A Canny Way to Fight Fraud
When it comes to fine-tuning his accounts-payable system, R&E Electronics CEO Ed Mayorga can seem a little obsessive. But the results of all that attention are worthwhile. His $12-million telecommunications-service company in Wilmington, N.C., has managed to put a lid on accounts-payable fraud -- a common problem at growing companies.
To Mayorga, the secret is a system of checks and balances "involving putting as many fingers as you can in the pie." At R&E as many as five people are involved in approving and issuing payments -- an effective safeguard against the possibility that an unethical staffer might try to cut an extra check or siphon off funds through payments to a dummy supplier.
The company's purchasing manager validates all invoices relating to specific contracts, and the invoices must then be approved by the relevant project manager. Meanwhile, an office manager approves all administrative overhead expenses. Checks are printed by one of two accounting clerks, but they must be signed by the chief financial officer. Mayorga himself sees a daily list of all checks written. What's to stop the list from being short by a check or two? Well, the controller always sees R&E's bank-reconciliation statements, and Mayorga himself sees them once a month.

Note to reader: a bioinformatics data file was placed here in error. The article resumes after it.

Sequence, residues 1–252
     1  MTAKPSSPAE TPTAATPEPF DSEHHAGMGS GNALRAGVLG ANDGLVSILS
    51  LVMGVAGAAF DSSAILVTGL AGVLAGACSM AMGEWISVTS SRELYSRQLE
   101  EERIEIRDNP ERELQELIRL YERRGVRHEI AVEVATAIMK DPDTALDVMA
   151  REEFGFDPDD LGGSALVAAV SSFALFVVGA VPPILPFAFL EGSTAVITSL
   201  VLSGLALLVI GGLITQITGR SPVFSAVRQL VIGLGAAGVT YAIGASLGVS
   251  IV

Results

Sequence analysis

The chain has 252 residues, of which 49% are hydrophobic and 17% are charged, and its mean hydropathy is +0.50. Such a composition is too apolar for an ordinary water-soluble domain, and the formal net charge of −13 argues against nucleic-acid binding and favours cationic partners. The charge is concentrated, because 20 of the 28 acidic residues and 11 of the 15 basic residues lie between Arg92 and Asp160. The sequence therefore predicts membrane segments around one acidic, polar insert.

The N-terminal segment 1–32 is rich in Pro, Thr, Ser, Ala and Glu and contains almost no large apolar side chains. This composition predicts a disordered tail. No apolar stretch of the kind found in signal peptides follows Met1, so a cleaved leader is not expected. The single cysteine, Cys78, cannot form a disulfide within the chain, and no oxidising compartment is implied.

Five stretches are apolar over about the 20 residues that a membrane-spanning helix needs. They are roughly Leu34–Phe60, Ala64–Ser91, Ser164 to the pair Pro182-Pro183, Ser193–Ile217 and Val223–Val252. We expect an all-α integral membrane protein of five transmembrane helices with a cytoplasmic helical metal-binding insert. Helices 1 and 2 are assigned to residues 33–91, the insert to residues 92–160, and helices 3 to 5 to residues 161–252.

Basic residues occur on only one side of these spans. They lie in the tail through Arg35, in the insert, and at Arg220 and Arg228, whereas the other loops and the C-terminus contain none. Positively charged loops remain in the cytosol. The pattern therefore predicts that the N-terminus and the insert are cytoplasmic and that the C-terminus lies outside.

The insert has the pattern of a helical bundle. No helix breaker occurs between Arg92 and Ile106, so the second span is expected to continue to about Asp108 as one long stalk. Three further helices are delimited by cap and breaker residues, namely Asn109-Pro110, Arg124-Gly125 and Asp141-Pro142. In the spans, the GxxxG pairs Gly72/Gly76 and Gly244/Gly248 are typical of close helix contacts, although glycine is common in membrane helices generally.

Mayorga's system isn't perfect. "While we don't have fraud problems, errors do occasionally crop up," he concedes. "In cases where a supplier has made a mistake and double-billed us, we might not always pick it up." One solution: "We're trying to live up to our policy of paying only from invoices."
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